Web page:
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Re: Do not use Microsoft Store

#5 Post by Napiophelios » Sun Jun 16, 2019 3:15 pm

sounds like something the authors of the actual software has to resolve;
probably fair better to bring it to their attention.

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Re: Do not use Microsoft Store

#6 Post by webfork » Sun Jun 16, 2019 6:51 pm

Napiophelios wrote:
Sun Jun 16, 2019 3:15 pm
sounds like something the authors of the actual software has to resolve;
probably fair better to bring it to their attention.
If you dig through the various github threads, it appears that was attempted without success.

https://github.com/NickeManarin/ScreenT ... -497995880
https://github.com/tannerhelland/PhotoD ... -497996075
https://github.com/MathewSachin/Captura/issues/414
Special wrote:
Sun Jun 16, 2019 1:42 pm
How is this any different then any other store... you don't think there are knockoffs on firefox's AMO for add-ons, GooglePlay, Amazon, AppleStore, etc. and let us not forget the rest of the entire Internet? Use your brain and you'll be fine.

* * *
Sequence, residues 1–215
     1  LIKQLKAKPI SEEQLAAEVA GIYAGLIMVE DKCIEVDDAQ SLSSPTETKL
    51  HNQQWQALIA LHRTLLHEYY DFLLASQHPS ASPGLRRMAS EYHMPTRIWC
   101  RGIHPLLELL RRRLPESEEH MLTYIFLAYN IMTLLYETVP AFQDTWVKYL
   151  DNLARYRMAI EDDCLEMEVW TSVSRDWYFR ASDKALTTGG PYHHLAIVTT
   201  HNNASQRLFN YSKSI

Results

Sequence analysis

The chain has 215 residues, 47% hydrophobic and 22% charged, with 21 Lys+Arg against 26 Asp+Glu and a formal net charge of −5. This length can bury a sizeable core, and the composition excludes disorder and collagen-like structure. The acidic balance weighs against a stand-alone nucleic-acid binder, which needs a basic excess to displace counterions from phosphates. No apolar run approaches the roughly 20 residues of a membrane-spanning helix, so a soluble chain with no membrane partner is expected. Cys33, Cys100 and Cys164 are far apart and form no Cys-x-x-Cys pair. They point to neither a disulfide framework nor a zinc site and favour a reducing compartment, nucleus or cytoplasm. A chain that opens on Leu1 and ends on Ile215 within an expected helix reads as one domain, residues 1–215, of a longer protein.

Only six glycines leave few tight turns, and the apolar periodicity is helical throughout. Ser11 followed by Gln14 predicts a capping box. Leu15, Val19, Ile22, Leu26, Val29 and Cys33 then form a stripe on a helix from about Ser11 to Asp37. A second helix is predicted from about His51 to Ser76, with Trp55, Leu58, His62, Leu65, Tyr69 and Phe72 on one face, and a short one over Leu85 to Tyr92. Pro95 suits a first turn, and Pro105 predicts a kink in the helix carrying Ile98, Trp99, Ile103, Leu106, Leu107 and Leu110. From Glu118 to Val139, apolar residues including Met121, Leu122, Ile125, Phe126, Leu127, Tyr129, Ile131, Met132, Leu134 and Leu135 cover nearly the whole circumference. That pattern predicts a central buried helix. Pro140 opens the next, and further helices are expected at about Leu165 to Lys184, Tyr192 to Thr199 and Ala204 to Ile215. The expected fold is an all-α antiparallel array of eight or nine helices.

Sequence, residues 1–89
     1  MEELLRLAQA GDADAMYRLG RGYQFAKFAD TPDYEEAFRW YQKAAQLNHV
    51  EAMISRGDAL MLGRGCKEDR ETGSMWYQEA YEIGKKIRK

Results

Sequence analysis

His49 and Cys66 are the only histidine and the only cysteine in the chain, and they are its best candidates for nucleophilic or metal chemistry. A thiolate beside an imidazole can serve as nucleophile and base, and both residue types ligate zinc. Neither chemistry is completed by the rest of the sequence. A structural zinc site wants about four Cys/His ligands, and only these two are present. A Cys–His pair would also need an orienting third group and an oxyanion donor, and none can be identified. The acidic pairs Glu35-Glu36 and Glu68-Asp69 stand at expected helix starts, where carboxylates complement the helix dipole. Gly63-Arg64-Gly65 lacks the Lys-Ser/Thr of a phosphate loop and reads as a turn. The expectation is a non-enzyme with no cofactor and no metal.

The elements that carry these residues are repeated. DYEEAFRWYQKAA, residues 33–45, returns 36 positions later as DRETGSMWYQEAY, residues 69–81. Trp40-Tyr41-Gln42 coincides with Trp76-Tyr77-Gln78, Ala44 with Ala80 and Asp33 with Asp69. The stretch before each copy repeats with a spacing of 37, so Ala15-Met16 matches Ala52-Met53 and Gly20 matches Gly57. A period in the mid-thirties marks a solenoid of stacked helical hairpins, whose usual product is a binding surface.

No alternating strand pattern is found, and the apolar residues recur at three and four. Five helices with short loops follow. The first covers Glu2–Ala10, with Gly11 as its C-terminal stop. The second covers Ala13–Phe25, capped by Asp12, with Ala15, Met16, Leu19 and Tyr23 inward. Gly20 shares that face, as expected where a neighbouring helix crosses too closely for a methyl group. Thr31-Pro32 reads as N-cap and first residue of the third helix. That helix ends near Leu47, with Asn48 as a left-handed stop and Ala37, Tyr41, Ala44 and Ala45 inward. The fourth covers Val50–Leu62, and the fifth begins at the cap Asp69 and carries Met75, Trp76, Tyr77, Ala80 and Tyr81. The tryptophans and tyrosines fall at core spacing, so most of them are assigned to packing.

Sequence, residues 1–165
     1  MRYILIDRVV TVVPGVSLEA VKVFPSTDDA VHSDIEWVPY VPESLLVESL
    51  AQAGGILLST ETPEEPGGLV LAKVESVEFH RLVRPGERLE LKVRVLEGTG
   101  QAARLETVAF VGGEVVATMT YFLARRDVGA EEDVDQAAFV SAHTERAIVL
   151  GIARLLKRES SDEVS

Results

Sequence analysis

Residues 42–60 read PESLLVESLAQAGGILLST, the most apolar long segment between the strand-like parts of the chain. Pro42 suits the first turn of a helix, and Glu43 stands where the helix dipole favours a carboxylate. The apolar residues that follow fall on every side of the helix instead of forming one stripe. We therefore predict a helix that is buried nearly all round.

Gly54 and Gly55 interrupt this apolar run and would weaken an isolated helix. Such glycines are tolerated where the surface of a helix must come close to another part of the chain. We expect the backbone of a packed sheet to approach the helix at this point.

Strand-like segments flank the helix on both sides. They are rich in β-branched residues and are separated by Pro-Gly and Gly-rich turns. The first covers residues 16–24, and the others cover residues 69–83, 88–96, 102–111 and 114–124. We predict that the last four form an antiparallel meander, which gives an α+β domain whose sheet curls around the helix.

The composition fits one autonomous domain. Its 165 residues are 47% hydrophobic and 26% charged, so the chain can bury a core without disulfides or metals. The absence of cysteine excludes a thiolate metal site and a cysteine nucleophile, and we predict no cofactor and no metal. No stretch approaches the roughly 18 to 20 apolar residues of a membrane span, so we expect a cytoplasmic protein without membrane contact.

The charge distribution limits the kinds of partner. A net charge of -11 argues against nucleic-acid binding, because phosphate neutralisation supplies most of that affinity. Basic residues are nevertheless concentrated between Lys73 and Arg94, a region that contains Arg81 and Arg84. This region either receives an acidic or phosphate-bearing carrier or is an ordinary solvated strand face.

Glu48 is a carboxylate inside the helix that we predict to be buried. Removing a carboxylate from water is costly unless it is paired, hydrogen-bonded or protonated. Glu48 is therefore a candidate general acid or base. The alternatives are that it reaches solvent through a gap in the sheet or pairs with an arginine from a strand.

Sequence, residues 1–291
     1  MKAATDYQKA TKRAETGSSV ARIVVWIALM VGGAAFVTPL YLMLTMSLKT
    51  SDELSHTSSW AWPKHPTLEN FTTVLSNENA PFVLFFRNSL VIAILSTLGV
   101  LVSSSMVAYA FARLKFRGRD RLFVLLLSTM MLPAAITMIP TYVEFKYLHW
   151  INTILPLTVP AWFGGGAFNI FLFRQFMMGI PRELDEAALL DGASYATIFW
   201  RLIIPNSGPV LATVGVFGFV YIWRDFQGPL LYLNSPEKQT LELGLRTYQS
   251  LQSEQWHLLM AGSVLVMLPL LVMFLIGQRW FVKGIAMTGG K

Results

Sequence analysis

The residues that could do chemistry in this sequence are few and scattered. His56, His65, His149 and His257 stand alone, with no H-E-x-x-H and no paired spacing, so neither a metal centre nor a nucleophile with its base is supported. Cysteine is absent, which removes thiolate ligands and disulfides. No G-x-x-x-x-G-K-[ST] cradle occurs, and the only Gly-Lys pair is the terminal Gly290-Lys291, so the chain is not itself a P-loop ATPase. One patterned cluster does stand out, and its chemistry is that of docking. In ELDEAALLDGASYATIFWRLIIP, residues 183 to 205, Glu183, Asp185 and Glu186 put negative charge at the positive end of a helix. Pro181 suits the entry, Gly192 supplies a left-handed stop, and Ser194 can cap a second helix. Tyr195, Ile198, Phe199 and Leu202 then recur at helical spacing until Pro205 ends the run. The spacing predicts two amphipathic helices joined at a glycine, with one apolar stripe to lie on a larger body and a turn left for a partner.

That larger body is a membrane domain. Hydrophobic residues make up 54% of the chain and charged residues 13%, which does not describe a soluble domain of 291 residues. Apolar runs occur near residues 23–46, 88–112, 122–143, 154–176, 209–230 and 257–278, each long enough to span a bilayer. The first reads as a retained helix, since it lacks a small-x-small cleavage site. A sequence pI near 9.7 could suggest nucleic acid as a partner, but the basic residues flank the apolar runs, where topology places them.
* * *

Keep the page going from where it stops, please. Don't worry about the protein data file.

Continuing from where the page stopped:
This site has definitely seen our fair share of fakes and knock-off programs, but I haven't seen a case of numberous, obvious, easy-to-detect fakes on a supposedly vetted platform. Microsoft in particular has a longstanding focus on copyright+licensed software and is purporting to support open source or something. Furthermore, this isn't a company that can throw up it's hands at solution that would require some technical know-how. Having basically run the Business Software Alliance for decades, it would be almost incidental for them to resolve this and to do so in an ongoing way.


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Re: Do not use Microsoft Store

#8 Post by Specular » Mon Jun 17, 2019 7:32 am

Nice. Thanks, Martin for taking a look into it and the write-up.

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Re: Do not use Microsoft Store

#9 Post by deathcubek » Mon Jun 17, 2019 10:04 am

The problem here is that, even though it is morally reprehensible to offer "payed" downloads of OpenSource software that can easily be obtained for free, doing so probably is perfectly legal :|

For example, the GPL explicitly allows everybody to redistribute the software and to (optionally) take a fee for that. Permission from the original author(s) is not needed.